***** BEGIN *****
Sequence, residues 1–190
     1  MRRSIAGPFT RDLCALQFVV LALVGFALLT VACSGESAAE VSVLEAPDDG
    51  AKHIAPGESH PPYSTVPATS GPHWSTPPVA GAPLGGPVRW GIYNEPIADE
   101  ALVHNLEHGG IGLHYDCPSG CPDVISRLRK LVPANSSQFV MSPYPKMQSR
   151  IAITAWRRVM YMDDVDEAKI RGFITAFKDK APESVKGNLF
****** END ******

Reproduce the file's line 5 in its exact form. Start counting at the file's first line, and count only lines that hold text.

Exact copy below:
   151  IAITAWRRVM YMDDVDEAKI RGFITAFKDK APESVKGNLF